Henry Howard, Earl of Surrey 1547 – Henry Howard was executed on 19th January 1547. He was the last execution of Henry VIII’s reign, although if the King hadn’t died, no doubt Surrey’s father, the Duke of Norfolk, would have followed him to the block. Norfolk only survived because Henry VIII died before the warrant could be affected. Surrey, along with Thomas Wyatt the Elder, was one of the founders of Renaissance poetry. Henry VIII was convinced that Surrey was plotting to usurp the crown from his son, or at least to take control of the Prince away from those Henry VIII had appointed to take care of him during his minority.
Thomas Seymour, Baron Seymour of Sudeley 1549 – Thomas Seymour, brother of Queen Jane Seymour, was executed on 20th March 1549. His death warrant was signed by his own brother, the Lord Protector. He had tried to kidnap his nephew, King Edward VI, to take him out from his brother’s influence and have some power at court. However, the King’s pet spaniel alerted the guards and Thomas Seymour was arrested and accused of thirty-three charges of treason. Light was also shed on his supposed relationship with the future Elizabeth I when she lived under his roof during his marriage to Katherine Parr.
Edward Seymour, Duke of Somerset 1552 – Edward Seymour, brother of Queen Jane Seymour, the third wife of Henry VIII, was executed pm 22nd January 1552. He was Lord Protector over his nephew King Edward VI during his minority. When he was indicted in 1549 John Dudley, Duke of Northumberland, took over his duties. Dudley became the father-in-law of Lady Jane Grey. Edward also signed the death warrant of his brother, Thomas, who resented his influence and tried to kidnap the young King. He was known as the ‘Good Duke’ in contrast with his successor, Northumberland, who upset a lot of people.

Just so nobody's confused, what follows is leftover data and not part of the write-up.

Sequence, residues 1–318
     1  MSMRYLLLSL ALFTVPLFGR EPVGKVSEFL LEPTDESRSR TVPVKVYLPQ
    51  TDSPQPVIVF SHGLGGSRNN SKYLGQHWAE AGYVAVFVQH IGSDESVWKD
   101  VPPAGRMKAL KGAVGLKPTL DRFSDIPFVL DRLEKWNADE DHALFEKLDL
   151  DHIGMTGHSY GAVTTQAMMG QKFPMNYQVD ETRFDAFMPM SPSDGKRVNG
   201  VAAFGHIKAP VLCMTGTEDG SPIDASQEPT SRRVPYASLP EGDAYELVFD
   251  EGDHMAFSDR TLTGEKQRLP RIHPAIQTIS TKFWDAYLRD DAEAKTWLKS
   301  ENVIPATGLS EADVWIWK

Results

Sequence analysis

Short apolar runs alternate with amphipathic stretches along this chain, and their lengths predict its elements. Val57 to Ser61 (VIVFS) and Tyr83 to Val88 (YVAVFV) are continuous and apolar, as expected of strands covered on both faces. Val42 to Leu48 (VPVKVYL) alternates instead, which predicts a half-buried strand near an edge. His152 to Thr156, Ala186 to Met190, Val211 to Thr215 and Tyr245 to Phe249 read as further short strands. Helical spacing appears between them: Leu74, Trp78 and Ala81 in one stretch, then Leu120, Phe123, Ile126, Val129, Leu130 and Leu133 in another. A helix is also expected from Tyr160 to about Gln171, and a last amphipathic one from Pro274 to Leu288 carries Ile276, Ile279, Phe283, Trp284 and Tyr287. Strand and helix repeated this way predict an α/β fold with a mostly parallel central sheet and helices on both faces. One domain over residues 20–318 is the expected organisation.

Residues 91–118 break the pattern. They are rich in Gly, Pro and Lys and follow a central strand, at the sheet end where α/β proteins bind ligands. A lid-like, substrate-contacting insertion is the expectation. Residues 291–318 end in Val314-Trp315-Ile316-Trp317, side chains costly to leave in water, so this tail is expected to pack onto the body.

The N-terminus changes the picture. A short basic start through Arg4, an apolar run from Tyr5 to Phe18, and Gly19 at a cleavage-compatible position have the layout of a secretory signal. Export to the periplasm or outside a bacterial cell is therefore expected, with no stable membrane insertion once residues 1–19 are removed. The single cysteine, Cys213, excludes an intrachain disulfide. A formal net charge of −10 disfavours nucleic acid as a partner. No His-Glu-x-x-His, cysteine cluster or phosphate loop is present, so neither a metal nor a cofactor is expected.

John Dudley, Duke of Northumberland 1553 – John Dudley was executed on 22nd August 1553. He was the father-in-law of Lady Jane Grey, and the father of Robert Dudley, who would later become the favourite of Elizabeth I. He was a central figure in Lady Jane Grey’s nine days on the throne. He was the second protector in the reign of Edward VI. Because he supported Jane over the rightful successor, Mary I, Mary accounted him a traitor and he was executed, tried by those who had been his colleagues, but who had deserted him as it became obvious that Mary would triumph. It was unlikely they really supported him in the first place.
Thomas Wyatt the Younger 1554 – Wyatt, the son of the poet of the same name supposedly once Anne Boleyn’s lover, was executed on 11th April 1554. He led a rising against Mary I of England and her proposed marriage to Philip II of Spain. He also implicated the Earl of Courtenay, Elizabeth I and the Lady Jane Grey. Elizabeth always denied she had anything to do with it, and Lady Jane was imprisoned in the Tower. Wyatt’s head was stolen when it was displayed and his limbs were hung in several towns in order to deter others who might think to rebel. His rebellion was the catalyst for the executions of Jane Grey and Guildford Dudley.